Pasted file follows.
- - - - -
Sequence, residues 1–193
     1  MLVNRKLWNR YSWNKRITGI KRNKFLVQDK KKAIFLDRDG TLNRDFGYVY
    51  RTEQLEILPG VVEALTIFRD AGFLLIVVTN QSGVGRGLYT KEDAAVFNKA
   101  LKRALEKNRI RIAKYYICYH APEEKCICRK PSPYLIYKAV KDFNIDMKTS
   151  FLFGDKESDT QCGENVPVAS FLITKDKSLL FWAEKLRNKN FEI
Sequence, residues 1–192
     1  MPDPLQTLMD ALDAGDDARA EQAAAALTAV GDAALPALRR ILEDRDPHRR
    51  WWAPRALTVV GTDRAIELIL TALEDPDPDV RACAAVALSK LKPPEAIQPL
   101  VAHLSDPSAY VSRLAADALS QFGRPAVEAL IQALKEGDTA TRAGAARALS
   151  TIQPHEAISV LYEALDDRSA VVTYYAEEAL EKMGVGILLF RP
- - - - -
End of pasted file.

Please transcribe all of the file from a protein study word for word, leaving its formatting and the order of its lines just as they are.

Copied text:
Sequence, residues 1–193
     1  MLVNRKLWNR YSWNKRITGI KRNKFLVQDK KKAIFLDRDG TLNRDFGYVY
    51  RTEQLEILPG VVEALTIFRD AGFLLIVVTN QSGVGRGLYT KEDAAVFNKA
   101  LKRALEKNRI RIAKYYICYH APEEKCICRK PSPYLIYKAV KDFNIDMKTS
   151  FLFGDKESDT QCGENVPVAS FLITKDKSLL FWAEKLRNKN FEI
Sequence, residues 1–192
     1  MPDPLQTLMD ALDAGDDARA EQAAAALTAV GDAALPALRR ILEDRDPHRR
    51  WWAPRALTVV GTDRAIELIL TALEDPDPDV RACAAVALSK LKPPEAIQPL
   101  VAHLSDPSAY VSRLAADALS QFGRPAVEAL IQALKEGDTA TRAGAARALS
   151  TIQPHEAISV LYEALDDRSA VVTYYAEEAL EKMGVGILLF RP